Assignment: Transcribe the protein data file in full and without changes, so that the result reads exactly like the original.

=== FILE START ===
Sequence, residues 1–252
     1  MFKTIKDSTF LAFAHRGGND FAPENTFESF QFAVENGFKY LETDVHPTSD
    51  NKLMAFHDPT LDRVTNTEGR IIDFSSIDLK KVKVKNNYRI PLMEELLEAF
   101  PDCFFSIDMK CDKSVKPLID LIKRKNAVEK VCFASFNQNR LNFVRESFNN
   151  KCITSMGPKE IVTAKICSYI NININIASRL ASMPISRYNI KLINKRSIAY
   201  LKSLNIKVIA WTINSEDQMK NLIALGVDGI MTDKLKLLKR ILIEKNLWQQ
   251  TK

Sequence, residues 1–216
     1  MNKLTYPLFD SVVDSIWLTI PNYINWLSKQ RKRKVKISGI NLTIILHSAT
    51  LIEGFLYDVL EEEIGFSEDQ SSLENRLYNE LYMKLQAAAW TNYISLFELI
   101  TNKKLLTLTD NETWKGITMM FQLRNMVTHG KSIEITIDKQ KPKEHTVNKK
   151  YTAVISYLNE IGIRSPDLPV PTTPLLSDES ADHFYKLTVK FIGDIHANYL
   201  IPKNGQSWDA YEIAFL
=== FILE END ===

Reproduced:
Sequence, residues 1–252
     1  MFKTIKDSTF LAFAHRGGND FAPENTFESF QFAVENGFKY LETDVHPTSD
    51  NKLMAFHDPT LDRVTNTEGR IIDFSSIDLK KVKVKNNYRI PLMEELLEAF
   101  PDCFFSIDMK CDKSVKPLID LIKRKNAVEK VCFASFNQNR LNFVRESFNN
   151  KCITSMGPKE IVTAKICSYI NININIASRL ASMPISRYNI KLINKRSIAY
   201  LKSLNIKVIA WTINSEDQMK NLIALGVDGI MTDKLKLLKR ILIEKNLWQQ
   251  TK

Sequence, residues 1–216
     1  MNKLTYPLFD SVVDSIWLTI PNYINWLSKQ RKRKVKISGI NLTIILHSAT
    51  LIEGFLYDVL EEEIGFSEDQ SSLENRLYNE LYMKLQAAAW TNYISLFELI
   101  TNKKLLTLTD NETWKGITMM FQLRNMVTHG KSIEITIDKQ KPKEHTVNKK
   151  YTAVISYLNE IGIRSPDLPV PTTPLLSDES ADHFYKLTVK FIGDIHANYL
   201  IPKNGQSWDA YEIAFL